Commercial tenants/Sublessors are responsible entities under the Labor Law

Pursuant to binding Court of Appeals precedents, as well as Appellate Division, First and Second Department precedents, commercial tenants/sublessors are responsible entities for purposes of Labor Law Section 240(1).

See Glielmi v. Toys “R” Us, Inc., 62 N.Y.2d 664, 666, 476 N.Y.S.2d 283, 284, 464 N.E.2d 981, 982 (1984) (“The jury was charged that the owner trustees and the tenant were to be considered a single unit for purposes of determining liability to the injured plaintiff. There was evidence from which the jury could properly have found that both were absolutely liable under subdivision 1 of section 240 of the Labor Law”); Godoy v. Baisley Lumber Corp., 40 A.D.3d 920, 921, 837 N.Y.S.2d 682, 683- 684 (2d Dep’t 2007); Murphy v. Sawmill Construction Corp., 17 A.D.3d 422, 424, 792 N.Y.S.2d 616, 618 (2d Dep’t 2005) (“We note that the term ‘owner,’ for purposes of Labor Law §§ 240(1) and 241(6), has been construed to include not only property owners but, under certain circumstances, also those who have an interest in property, such as easement holders and lessees (see Kane v. Coundorous, 293 A.D.2d 309, 739 N.Y.S.2d 711; Copertino v. Ward, 100 A.D.2d 565, 473 N.Y.S.2d 494).”); Bell v. Bengomo Realty, Inc., 36 A.D.3d 479, 480, 829 N.Y.S.2d 42, 44 (1st Dep’t 2007) (“Summary judgment in favor of plaintiff on the issue of liability under Labor Law § 240 (1) should have been granted as against Bengomo Realty as the owner of the property); see Coleman v. City of New York, 91 N.Y.2d 821, 822-823, 666 N.Y.S.2d 553, 689 N.E.2d 523 [1997]; Spagnuolo v. Port Auth. of N.Y. & N.J., 8 A.D.3d 64, 778 N.Y.S.2d 23 [2004]), and Willow Media who, as lessee, contracted for the work (see Guzman v. L.M.P. Realty Corp., 262 A.D.2d 99, 691 N.Y.S.2d 483 [1999]).”); Meade v. Rock-McGraw, Inc., 307 A.D.2d 156, 158-159, 760 N.Y.S.2d 39, 41-42 (1st Dep’t 2003) (“After discovery, plaintiff moved for summary judgment against defendants, Rock-McGraw, Inc., the building owner, McGraw-Hill Companies, Inc., the building lessee, and Morgan Stanley & Co., Incorporated, the sublessee of the 44th floor, on his Labor Law § 240(1) claim, arguing that the ladder was not secured by another worker, that the ladder fell because the floor was slippery and the ladder lacked footings and that defendants had breached their duty to insure that the ladder was placed so as to give him proper protection….Depending on the fact finder’s determination, plaintiff may, however, establish a section 240(1) violation for failure to provide a proper safety device.”); Kane v. Coundorous, 293 A.D.2d 309, 311, 739 N.Y.S.2d 711, 714 (1st Dep’t 2002) (“A lessee of property under construction is deemed to be an ‘owner’ for purposes of liability under Article 10 of New York’s Labor Laws (see, e.g., Glielmi v. Toys “R” Us, 62 N.Y.2d 664, 476 N.Y.S.2d 283, 464 N.E.2d 981; Bart v. Universal Pictures, 277 A.D.2d 4,5, 715 N.Y.S.2d 240; Tate v. Clancy Cullen Storage Co., 171 A.D.2d 292, 295, 575 N.Y.S.2d 832; Copertino v. Ward, 100 A.D.2d 565, 566, 473 N.Y.S.2d 494).”); Wehmeyer v. Port Authority of New York and New Jersey, 248 A.D.2d 187, 188, 669 N.Y.S.2d 578, 579 (1st Dep’t 1998).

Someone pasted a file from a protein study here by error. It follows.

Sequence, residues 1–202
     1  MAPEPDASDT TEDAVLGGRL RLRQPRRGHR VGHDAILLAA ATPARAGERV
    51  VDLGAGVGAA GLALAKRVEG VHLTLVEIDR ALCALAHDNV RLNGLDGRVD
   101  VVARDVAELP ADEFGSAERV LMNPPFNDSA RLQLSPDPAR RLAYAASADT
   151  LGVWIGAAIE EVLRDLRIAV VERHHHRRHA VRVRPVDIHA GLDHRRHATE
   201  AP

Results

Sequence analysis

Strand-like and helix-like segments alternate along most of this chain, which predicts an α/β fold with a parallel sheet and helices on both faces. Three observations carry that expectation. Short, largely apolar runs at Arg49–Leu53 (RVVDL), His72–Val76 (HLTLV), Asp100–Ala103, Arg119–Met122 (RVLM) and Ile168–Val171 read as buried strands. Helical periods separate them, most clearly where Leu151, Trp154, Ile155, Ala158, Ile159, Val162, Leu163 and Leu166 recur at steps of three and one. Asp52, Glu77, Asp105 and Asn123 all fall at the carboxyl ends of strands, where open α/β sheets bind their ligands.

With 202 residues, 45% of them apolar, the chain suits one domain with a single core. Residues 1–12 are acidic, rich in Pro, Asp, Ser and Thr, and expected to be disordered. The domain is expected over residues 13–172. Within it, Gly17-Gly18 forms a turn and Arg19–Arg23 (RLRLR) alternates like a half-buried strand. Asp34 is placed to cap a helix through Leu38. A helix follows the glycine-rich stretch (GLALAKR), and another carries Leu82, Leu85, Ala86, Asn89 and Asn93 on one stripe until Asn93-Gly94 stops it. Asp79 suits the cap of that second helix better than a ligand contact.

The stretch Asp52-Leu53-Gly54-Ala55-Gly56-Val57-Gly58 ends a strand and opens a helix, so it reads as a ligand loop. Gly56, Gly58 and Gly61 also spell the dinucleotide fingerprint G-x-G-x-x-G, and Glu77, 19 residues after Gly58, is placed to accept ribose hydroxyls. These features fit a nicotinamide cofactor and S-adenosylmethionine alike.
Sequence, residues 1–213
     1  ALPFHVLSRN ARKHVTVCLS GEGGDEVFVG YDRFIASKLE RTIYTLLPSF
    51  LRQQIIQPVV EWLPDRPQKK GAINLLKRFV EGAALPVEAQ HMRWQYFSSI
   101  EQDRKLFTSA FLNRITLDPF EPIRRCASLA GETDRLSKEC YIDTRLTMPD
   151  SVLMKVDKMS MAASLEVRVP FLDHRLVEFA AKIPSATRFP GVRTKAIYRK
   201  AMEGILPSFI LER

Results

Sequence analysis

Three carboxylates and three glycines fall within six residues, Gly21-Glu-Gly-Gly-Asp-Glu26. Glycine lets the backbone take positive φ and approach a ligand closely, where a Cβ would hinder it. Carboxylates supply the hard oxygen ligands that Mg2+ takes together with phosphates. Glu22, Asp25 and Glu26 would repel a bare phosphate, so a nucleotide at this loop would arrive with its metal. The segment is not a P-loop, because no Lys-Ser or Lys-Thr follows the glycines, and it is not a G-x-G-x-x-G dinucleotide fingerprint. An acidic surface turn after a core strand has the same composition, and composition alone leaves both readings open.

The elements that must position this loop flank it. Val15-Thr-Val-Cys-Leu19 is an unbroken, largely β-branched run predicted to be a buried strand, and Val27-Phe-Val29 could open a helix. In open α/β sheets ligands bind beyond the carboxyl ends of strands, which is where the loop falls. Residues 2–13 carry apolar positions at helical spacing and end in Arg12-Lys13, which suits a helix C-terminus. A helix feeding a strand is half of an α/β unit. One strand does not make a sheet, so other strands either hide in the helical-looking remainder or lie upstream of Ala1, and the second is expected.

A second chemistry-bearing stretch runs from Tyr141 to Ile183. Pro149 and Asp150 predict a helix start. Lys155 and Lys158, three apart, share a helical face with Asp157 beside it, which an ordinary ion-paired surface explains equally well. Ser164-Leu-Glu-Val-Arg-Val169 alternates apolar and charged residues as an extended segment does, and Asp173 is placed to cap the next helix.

— Richard A. Klass
Copyright 2014 Richard A. Klass, Esq.create new email